How to grab customers’ attention

By newbusiness
Created 26/03/2008 - 02:09

With consumers bombarded by marketing messages from multiple channels, getting your message across to potential customers has never been more important or difficult.

So much so, in fact, that business analysts have coined the phrase ‘attention economics' to define a situation where consumers face such a deluge of information that they automatically ignore the vast majority.

According to David Jeffries, marketing communications director at Pitney Bowes, this has resulted in consumers gaining far greater power over the information they receive and the ability to damage the brand of a company they feel has gone too far.

"Communication has transformed from a push method, where businesses dictate the feed of information, to a pull model, where consumers have far more power in determining what reaches them, and what doesn't," he said. "Advertising and marketing hasn't disappeared and people remain open to offers and campaigns.

"But the sheer noise of information from such an abundance of channels and touchpoints means messages face being ignored, swamped by the competition or, worse still, irritating the recipient to such an extent that the latest channels are used to vent frustration at the brand concerned."

Pitney Bowes offers the following tips for SMEs attempting to command consumer attention:

Know your audience
Undoubtedly, many companies have wasted significant sums by targeting the wrong channels and chasing an audience that simply doesn't exist for them, or only exists via other routes. But the more astute businesses are learning to negotiate this maze of options in a planned and progressive fashion

Channel integration
If multiple channels are used, it is imperative that the infrastructure is in place to handle the variety of responses and queries that will result. Consumers used to the instantaneous nature of the web will not appreciate delayed answers or time-lagged service. Conversely, those used to corresponding via more traditional media will react negatively to being rushed and harried

Consistency of message
Consistency across channels is vital. This is not to say that certain channels cannot be incentivised with different offers. But the tone of message, the style and design must be familiar across all touchpoints if brand recognition and message recollection are to be heightened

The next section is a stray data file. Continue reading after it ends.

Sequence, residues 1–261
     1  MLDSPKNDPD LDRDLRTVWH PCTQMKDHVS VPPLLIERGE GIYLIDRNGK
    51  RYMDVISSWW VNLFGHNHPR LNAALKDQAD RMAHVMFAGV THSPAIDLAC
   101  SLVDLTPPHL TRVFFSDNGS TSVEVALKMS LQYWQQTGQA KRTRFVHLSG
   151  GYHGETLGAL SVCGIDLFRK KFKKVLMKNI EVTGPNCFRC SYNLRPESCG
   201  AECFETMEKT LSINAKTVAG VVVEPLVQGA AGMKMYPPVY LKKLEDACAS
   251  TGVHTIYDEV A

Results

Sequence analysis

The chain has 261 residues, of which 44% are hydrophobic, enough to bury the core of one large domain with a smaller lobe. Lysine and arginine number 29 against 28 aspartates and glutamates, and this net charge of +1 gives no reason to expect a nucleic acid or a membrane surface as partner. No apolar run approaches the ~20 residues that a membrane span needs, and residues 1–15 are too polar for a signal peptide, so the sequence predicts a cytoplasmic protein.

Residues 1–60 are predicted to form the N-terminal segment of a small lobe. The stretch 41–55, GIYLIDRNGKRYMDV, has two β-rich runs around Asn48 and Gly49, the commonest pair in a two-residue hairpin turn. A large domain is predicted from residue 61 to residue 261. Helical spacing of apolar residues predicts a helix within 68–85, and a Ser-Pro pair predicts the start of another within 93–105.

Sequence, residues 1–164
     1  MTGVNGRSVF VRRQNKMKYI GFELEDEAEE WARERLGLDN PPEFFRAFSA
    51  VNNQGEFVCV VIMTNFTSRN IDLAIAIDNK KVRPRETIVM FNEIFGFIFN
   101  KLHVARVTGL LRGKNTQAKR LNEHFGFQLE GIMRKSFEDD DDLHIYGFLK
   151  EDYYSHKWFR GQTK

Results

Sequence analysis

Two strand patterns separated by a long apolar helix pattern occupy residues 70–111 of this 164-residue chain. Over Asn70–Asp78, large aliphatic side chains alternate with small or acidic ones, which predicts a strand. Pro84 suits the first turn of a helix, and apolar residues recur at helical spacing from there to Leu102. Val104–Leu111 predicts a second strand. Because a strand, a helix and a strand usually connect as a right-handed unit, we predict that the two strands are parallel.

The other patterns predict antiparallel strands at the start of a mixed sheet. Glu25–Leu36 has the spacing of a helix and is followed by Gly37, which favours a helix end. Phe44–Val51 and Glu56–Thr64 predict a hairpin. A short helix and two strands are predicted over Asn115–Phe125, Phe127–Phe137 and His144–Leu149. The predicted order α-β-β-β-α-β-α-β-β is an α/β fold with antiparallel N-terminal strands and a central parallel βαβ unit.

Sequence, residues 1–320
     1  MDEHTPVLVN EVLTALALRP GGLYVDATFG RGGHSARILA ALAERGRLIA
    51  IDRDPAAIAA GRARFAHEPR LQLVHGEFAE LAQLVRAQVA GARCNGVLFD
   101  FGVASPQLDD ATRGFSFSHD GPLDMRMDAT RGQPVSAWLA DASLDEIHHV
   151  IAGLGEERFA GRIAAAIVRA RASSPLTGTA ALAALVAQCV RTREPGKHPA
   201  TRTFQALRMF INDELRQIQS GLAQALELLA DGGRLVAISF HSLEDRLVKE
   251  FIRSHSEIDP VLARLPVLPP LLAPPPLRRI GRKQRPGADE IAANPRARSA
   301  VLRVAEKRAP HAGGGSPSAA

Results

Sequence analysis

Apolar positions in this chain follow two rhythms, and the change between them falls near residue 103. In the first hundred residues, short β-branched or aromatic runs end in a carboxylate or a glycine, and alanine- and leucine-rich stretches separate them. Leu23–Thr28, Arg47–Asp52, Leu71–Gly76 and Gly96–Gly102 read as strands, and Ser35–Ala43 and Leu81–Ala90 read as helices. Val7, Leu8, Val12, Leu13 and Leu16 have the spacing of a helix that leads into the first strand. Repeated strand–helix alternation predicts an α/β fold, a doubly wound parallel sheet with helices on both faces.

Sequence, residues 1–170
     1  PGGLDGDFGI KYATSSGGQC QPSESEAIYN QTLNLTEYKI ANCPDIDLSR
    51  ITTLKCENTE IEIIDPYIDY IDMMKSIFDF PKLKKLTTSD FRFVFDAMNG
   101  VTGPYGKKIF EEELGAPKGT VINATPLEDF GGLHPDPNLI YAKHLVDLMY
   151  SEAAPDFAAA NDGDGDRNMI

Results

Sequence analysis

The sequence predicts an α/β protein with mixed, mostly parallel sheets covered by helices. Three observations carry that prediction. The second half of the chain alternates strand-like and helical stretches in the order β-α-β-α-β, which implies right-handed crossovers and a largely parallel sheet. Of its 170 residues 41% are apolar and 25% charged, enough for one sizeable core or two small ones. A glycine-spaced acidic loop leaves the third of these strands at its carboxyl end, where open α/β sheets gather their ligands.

The sheer noise of information from such an abundance of channels and touchpoints means messages face being ignored, swamped by the competition or, worse still, irritating the recipient

Know your limits
Businesses must avoid falling into the trap of assuming that capturing attention is the ultimate goal. There is both negative and positive attention and those companies attempting to be all things to all people by embracing the latest communication media can end up looking out of touch and desperate. Again, get it wrong and infamy via the blogosphere awaits

Somewhat ironically, businesses are finding that traditional methods such as direct mail and brand advertising remain the most effective way of attracting people to web-based products or services. Indeed, the relationship between the channels is interesting to observe. The early days of the internet heralded all-singing, all-dancing sites that used every conceivable trick and graphical device in a bid to attract attention. As the channel matures, so sites have become subtler, cleaner, quick and simple to read and digest, like the very best direct mail

Relevancy and timeliness
The attention economy demands relevancy and timeliness. The multi-channel approach can be highly effective but in order to hit home messages must be targeted and timed to land at the apposite moment. Consumers will be truly enthused by well thought-out messages that treat them as valued individuals and talk to them in language that is timely and pertinent

Data accuracy
As ever, data accuracy is the key, and any half-measures at the data management and analysis stage will quickly become apparent in the final message. The temptation for many is to concentrate on message content and design. But it is the process of message creation and delivery - the infrastructure of response-handling - that is of critical importance. These processes are the mechanics behind the face of the brand

For more information see www.pb.com/uk [1]

Source URL: